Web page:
I was just looking through the list of books I have read this year, and realised to my dismay that I am lagging somewhat: 116 down and only a week to go to make it to 120. Not that I have a particular target, but I usually hit 120 and it seems a bit odd to miss it this year with all that train time.
Meanwhile, in between frantically reading slim paperbacks, in no particular order, here are my favourite books from the year so far:
The Barsetshire Chronicles – Anthony Trollope. Ok, so technically I didn’t read all of them this year, just most of them. I’ve enjoyed these so much, though. Trollope creates such great, memorable characters and then allows them perfectly ordinary failings and joys.
The Raj Quartet – Paul Scott – I embarked on these with something of a sense of duty, which was swiftly replaced with genuine interest. Fascinating stuff. Generally I consider Blighty’s imperialist adventures as unjustifiable and rather embarrassing displays of arrogance. Scott is certainly not on the side of the English, or the Indians, or of anyone in particular. He creates far more complicated a tale, from multiple, overlapping, conflicting or complementing perspectives. Where Forster’s A Passage to India gives the sense of India as a place of muddle and confusion, Scott’s quartet adds depth to that impression.
The Story of Edgar Sawtelle – David Wroblewski – about which so much has been written that it’s impossible for anyone to be in ignorance. Am pleased to hear that he is writing a prequel.
The Quincunx – Charles Palliser – A romping, rollicking page turner in which one wonders how many coincidences and misfortunes can befall one person. Marvellous Victorian detail and plot complexity.
The Gone-Away World – Nick Harkaway – I still can’t classify this book and that is one of the things I loved about it. It was funny, sad, romantic, violent, surprising, with a twist that I didn’t see coming. Harkaway is at work on his second novel, and if I could preorder it now, I would.
Mistress of the Art of Death – Ariana Franklin. Another one I was dubious about but it really had me gripped. And although I had guessed the murderer, the ending still had real tension. I always think period novels are difficult and I’m not in a position to know how accurate this was, but it felt right. I think the author had a thorough conception of the world she was writing about, so it rang true.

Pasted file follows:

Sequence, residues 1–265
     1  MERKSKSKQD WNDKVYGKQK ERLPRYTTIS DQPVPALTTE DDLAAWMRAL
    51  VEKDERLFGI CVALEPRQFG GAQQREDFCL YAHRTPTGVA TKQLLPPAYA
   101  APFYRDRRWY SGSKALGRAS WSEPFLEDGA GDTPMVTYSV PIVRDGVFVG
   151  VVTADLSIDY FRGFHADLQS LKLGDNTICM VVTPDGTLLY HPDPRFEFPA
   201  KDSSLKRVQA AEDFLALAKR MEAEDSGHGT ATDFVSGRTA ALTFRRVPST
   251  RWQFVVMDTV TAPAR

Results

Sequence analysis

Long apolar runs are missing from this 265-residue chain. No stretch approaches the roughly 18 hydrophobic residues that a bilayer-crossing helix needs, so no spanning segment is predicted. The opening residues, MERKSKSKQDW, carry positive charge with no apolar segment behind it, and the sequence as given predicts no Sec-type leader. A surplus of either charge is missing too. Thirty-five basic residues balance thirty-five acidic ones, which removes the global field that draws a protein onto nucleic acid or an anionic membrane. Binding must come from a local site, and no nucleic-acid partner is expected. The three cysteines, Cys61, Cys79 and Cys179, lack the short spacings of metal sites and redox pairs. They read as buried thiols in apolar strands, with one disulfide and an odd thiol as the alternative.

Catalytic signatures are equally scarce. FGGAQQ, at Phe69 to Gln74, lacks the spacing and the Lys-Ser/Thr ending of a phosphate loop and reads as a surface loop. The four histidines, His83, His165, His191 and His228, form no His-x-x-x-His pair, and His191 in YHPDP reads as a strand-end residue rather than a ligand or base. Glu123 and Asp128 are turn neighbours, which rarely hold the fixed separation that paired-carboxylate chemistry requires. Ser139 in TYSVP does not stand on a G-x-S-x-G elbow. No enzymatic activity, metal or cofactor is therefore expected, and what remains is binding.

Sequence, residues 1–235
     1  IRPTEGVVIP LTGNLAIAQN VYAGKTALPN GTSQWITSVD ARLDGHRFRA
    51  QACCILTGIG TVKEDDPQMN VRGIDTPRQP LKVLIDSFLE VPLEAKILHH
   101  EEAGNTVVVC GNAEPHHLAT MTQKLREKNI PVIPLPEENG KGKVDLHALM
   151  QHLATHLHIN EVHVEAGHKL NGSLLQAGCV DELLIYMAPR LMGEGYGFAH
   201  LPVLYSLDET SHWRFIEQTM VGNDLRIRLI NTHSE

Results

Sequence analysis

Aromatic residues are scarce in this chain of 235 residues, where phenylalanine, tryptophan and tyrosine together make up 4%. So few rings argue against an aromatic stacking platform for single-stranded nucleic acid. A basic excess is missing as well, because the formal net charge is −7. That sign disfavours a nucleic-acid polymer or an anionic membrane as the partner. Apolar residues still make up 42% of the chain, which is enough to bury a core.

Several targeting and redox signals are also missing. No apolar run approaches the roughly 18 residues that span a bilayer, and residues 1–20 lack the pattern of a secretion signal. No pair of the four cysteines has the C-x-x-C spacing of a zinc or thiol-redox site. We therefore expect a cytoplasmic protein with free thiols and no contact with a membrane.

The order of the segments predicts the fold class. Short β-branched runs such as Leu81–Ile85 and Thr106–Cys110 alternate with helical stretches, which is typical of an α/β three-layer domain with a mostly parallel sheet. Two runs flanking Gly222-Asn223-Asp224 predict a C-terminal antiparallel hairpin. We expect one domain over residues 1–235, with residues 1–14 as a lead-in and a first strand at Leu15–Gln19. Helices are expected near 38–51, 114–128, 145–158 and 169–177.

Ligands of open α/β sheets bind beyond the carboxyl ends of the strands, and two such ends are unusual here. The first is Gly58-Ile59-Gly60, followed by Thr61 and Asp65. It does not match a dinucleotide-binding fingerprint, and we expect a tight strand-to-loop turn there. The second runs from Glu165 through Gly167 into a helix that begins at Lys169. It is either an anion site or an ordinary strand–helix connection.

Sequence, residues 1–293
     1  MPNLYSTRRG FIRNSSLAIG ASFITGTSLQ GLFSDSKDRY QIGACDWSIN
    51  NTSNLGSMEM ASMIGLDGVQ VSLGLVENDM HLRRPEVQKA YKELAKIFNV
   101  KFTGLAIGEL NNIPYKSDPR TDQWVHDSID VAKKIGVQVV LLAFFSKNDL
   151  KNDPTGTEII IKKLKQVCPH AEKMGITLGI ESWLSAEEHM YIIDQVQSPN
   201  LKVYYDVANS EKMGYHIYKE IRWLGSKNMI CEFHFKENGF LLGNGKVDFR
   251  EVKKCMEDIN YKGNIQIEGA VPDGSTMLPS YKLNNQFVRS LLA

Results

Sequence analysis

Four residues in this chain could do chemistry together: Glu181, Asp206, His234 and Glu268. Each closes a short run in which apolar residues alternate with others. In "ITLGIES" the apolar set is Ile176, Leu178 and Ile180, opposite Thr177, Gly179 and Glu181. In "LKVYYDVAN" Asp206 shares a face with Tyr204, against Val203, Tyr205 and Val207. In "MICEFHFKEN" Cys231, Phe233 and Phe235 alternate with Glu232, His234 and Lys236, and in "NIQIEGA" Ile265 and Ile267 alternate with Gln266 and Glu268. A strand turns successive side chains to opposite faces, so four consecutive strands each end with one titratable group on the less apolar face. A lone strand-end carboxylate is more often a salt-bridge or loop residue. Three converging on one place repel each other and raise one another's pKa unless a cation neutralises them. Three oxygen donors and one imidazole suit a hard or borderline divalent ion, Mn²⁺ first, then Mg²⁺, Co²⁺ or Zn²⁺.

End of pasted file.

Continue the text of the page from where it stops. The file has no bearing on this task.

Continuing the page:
Happiest discoveries (with acknowledgments)
Donna Leon – thank you, Eva at A Striped Armchair
Barbara Pym – ta very much, Litlove
Elizabeth Taylor – can’t exactly remember, but suspect this might Litlove too
Nahguib Mahfouz – thanks, Zoesmom’s mom
Tana French – thank you, Raych
Raspberry awards (it’s my blog and I’ll snark if I want to)
The Mists of Avalon – Marion Zimmer Bradley – look, I know this is some kind of classic, all right? But really, so dull, so pretentious, so faux mystical, when in fact it’s the Arthurian version of a sex and shopping novel. Which would be ok but stop pretending to be meaningful. Gar.
Black and White and Dead All Over – John Darnton. I can’t even be bothered to revisit my extreme irritation with this book.
Without any question, hands down winner of the worst book I read this year
Any Given Doomsday – Lori Handeland. Oh, this was so spectacularly, mind-blowingly terrible in all possible ways. Badly written, terrible plot, unconvincing characters and not even good soft porn.
Book where I wanted to move in with the characters
The Likeness – Tana French. But only when they were all golden and perfect and happy, not when their little Eden crumbled at its foundations and their world gradually imploded. I do want their house, though.